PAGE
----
By Gavin Van Hoff | March 29, 2015
The finalists of the previous two World Cups could not go beyond the quarter-finals this time. © AFP PHOTO
Let's for a moment forget the four years Sri Lanka had at their disposal to build a 15-man squad for this World Cup, and let's focus on the seven ODIs they played against New Zealand just prior to the mega event: even with their limited bowling resources, they had ample opportunity to study New Zealand's strengths and weaknesses and prepare for their World Cup opening match.
They lost that match and appeared to have retained very little from their series loss to New Zealand. And as the World Cup continued, their selection policy saw numerous changes to the side — they chopped and changed all the way to that disastrous quarter-final against South Africa.
After squandering the opportunity to field a settled side in the tournament, the chairman of selectors Sanath Jayasuriya is trying to pass the buck for Sri Lanka's World Cup exit by making excuses for the poor showing with reasoning as nonsensical as his panel's selections.
Jayasuriya told reporters in Colombo recently that fitness was the main problem, and they will "take hard decisions about players who don't meet the new standards" that they hope to set.
Take a step back. Look at how England fared in the tournament after axing their regular skipper Alastair Cook weeks before the tournament. And then note how South Africa persisted with Quinton de Kock despite repeated failures. We saw the same with Aaron Finch and Australia. Both players repaid the faith the selectors and the team had placed in them with crucial knocks.
Teams who did not make drastic changes to their ODI sides, and sides that backed players through lean periods, knowing that these players are skilled enough to come good, have excelled.
Sri Lanka trialled numerous opening combinations. They even experimented in the all-important quarter-final by pushing Lahiru Thirimanne, who had done well in the tournament as an opener after Dimuth Karunaratne's repeated failures, down the order to give Kusal Perera yet another opportunity.
Perera's decision to emulate the chief selector's batting style seems to be paying off for him, but not with runs off his bat though. If Perera was good enough to open batting in a World Cup quarter-final, then why was he not good enough to be in the World Cup squad to begin with? Perera had only recently arrived in Australia as an injury replacement and had played just one match, and that too batting in the middle order, before being thrust up the order in a game of paramount importance.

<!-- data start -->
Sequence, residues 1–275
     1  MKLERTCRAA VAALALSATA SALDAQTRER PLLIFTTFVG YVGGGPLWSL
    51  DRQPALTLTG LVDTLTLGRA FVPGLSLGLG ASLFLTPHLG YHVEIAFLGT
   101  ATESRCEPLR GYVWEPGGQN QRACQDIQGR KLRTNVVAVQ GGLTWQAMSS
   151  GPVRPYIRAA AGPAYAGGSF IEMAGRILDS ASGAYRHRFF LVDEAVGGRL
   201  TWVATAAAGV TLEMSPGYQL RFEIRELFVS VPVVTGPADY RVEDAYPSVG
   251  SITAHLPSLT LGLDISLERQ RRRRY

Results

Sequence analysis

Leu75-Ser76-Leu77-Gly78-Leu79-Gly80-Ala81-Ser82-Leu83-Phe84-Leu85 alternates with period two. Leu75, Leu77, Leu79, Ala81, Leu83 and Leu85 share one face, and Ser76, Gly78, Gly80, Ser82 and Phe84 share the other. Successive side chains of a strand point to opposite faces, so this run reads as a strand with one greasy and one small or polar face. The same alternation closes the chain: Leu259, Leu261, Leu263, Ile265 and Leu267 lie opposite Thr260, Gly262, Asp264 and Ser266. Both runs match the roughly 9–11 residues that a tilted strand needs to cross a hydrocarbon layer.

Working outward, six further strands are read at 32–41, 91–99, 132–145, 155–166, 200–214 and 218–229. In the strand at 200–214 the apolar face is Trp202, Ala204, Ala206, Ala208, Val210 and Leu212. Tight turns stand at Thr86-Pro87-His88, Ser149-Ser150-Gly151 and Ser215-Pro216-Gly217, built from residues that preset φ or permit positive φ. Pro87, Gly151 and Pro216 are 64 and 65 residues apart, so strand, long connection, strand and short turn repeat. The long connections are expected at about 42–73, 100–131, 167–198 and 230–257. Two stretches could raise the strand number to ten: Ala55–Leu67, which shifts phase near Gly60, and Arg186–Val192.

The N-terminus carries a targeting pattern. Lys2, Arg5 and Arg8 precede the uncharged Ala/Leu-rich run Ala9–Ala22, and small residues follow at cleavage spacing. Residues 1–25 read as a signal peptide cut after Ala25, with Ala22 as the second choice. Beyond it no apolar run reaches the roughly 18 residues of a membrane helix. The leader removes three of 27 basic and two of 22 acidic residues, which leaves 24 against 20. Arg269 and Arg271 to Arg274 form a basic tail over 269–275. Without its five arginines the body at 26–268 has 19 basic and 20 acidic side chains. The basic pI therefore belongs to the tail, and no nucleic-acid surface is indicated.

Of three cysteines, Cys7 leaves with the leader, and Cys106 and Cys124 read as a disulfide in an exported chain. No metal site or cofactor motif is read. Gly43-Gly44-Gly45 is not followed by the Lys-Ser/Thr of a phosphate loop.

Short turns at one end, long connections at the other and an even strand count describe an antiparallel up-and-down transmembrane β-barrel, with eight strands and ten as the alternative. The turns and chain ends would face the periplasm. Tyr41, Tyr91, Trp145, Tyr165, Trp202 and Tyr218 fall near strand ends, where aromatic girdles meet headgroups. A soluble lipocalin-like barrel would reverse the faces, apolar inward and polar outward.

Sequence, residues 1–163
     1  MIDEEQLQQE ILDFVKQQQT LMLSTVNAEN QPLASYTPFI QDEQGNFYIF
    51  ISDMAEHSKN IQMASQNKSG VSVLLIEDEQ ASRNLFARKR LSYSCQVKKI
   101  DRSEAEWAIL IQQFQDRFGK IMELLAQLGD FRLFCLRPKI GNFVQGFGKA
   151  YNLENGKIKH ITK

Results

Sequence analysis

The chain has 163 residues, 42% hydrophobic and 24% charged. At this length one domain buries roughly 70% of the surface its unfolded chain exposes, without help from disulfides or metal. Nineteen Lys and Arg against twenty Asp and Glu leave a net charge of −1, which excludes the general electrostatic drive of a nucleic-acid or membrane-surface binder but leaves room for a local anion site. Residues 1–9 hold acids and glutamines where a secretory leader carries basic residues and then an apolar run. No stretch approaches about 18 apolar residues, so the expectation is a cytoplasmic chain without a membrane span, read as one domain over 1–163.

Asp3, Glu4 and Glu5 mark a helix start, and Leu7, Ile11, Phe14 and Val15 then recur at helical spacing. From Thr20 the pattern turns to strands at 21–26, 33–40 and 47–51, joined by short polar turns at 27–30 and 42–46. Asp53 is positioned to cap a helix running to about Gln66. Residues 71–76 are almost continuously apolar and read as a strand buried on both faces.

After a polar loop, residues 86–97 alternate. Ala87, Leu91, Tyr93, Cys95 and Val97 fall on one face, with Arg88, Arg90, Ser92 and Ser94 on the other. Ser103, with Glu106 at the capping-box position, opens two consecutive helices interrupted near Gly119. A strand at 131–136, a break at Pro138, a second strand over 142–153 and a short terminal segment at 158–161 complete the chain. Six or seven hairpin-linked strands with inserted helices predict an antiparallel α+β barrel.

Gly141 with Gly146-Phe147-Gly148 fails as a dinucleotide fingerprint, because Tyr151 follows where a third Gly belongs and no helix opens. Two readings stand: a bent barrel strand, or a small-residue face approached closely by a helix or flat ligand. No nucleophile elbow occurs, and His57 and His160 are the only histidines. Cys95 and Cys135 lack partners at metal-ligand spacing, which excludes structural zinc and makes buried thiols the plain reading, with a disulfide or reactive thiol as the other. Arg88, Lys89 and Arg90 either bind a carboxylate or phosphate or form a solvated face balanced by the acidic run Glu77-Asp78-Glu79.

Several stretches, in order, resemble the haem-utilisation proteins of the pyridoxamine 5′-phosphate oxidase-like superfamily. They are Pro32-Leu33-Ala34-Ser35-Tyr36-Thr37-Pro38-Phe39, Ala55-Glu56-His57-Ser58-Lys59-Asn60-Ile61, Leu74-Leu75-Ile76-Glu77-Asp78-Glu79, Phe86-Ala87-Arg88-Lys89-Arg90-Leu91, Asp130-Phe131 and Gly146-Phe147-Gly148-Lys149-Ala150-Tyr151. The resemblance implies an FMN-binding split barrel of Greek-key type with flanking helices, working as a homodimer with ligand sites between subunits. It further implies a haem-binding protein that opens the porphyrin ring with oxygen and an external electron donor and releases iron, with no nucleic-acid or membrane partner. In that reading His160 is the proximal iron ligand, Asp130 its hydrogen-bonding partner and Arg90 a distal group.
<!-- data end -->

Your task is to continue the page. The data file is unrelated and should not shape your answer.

How many opening combinations did Sri Lanka test out in the matches leading up to the World Cup, and how many combinations did they experiment with at the World Cup? I've lost count.
Oh, and there's this: ever since the government changed hands, Ramith Rambukwella can no longer even make a Sri Lanka A preliminary squad. Previously, the former minister's son was a part of more than one preliminary Sri Lanka World Cup squad, and he even made his debut for Sri Lanka in T20s under this selection panel's watch. Politically motivated selections are enough of a reason to show these selectors the door.
The finalists of the previous two World Cups could not go beyond the quarter-finals this time. Heads must roll. The selectors have nothing but growing expenses and harebrained selections to show for, and the entire panel must be dissolved if they are unwilling to resign. The head coach Marvan Atapattu and bowling coach Chaminda Vaas too are responsible for fielding what appeared to be a side without a strategy. Their time too must surely be up?
We may also see change in the SLC administration. There is talk that the April 30 SLC elections could be postponed and an interim-committee could be appointed. I'm no fan of government interference in sport, but if it will help oust those who oversaw millions in losses for the board, then I can live with flip-flopping on this principle.
There can be no progress if things remain the same. Jayasuriya is right — hard decision must be made.
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